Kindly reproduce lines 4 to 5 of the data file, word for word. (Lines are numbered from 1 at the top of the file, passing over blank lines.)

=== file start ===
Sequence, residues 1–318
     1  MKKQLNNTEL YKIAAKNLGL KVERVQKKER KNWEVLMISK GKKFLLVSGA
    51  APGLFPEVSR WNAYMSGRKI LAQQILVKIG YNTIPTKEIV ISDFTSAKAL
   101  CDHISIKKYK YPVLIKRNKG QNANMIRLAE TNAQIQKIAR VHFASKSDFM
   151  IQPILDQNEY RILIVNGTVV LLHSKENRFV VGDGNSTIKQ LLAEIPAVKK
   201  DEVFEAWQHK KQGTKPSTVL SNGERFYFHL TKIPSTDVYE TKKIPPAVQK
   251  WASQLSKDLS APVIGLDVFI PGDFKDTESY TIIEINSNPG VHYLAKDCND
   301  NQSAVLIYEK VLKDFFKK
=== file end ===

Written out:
   101  CDHISIKKYK YPVLIKRNKG QNANMIRLAE TNAQIQKIAR VHFASKSDFM
   151  IQPILDQNEY RILIVNGTVV LLHSKENRFV VGDGNSTIKQ LLAEIPAVKK